To prioritize diversity and inclusion, give students a platform

Munji Nfor, Columnist

Unforgettable events in 2020 opened the floodgates that exposed numerous institutions for their systemically oppressive structures. Businesses, organizations and educational institutions have scrambled to rectify these issues in a push to be more inclusive and equitable.

While UT has begun to take strides to combat injustice in education, there’s still more that can be done, particularly within the Moody College of Communication, whose goal is to create the future leaders of storytelling. 

The Moody College’s academic departments could make an even greater effort to provide platforms for underrepresented student voices when making decisions to expand diversity, equity, and inclusion efforts within the classroom.

Communications professions are dominated by white individuals. To counter the systematic exclusion of minority groups, the Moody College has implemented a series of efforts dedicated to equity and inclusion. In regards to coursework, Moody is working on a project that would require all faculty members to complete biannual training modules that are designed to “provide a scalable training solution to help organizations promote respectful workplaces and comply with ever-changing regulations.” 

Movements like Black Lives Matter have helped expose the racial disparities marginalized students may face and led to the emergence of DEI initiatives, but Dave Junker, director of the Moody Honors program, explained it wasn’t always so. 

“It was just in recent years that the Dean appointed an Associate Dean for Diversity, Equity, and Inclusion. (But) I think it’s way more than just a symbolic gesture. Because that person can be vested with some decision-making power and becomes another advisor in the room,” said Junker. 

This prioritization of DEI has been made evident in courses like those taken by radio-television-film sophomore Michele Davis, who said her experience in Moody has exceeded her expectations when it came to showcasing media created by Black, Latinx, queer, and other minority creatives. However, she explained that she mainly observed POC productions in class during their respective community months.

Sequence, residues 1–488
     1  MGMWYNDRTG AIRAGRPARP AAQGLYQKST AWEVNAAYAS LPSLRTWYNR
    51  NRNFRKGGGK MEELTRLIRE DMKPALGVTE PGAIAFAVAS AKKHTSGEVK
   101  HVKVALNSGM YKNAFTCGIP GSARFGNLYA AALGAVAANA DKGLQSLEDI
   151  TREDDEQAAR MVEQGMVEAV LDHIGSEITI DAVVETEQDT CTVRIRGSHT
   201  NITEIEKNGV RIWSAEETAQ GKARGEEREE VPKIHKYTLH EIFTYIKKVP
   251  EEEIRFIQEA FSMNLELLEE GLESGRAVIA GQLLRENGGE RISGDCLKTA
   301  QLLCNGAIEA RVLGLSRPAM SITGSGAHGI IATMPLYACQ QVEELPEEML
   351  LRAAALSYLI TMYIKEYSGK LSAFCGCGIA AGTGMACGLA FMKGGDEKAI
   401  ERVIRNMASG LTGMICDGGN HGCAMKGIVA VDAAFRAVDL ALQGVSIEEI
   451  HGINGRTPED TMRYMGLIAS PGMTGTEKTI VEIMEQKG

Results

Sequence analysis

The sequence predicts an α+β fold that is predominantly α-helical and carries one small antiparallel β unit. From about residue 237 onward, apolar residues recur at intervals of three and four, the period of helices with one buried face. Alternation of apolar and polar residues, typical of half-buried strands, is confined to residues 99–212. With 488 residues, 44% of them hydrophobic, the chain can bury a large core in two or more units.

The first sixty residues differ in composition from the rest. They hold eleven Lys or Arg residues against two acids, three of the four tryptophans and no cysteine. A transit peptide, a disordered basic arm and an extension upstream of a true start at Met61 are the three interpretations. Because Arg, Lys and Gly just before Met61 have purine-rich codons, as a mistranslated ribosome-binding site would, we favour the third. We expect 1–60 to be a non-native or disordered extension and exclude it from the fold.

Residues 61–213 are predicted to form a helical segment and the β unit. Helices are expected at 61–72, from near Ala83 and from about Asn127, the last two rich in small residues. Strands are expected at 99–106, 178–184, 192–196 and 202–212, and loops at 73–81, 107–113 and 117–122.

“For the most part, when we looked at films and shows it was still predominantly white,” said Davis. 

Davis hopes to see students be educated about marginalized communities in media outside of their designated community months. By making communication with administration more accessible to students who want to be involved in DEI efforts, this goal could be achieved.

A model for all Moody departments to follow could be the already implemented ADV/PR Equity Student Council, a powerful advisory council that works to make the Stan Richards School of Advertising and Public Relations within Moody more equitable and culturally fluent by acting as a bridge between students and decision makers. By creating councils tailored to different students’ concerns within all Moody fields instead of just advertising, administration could have a well of specific information for various issues. 

Historically, students of color have been invalidated in the face of educational discrimination which continues to exist. Moody College needs to not only raise awareness of advocates that already exist, but create more spaces for students to address their experiences, observations and expectations. These views must be taken into account if we’re dedicated to championing perspectives that have long been kept in the shadows.

Nfor is a public relations sophomore from San Antonio, Texas.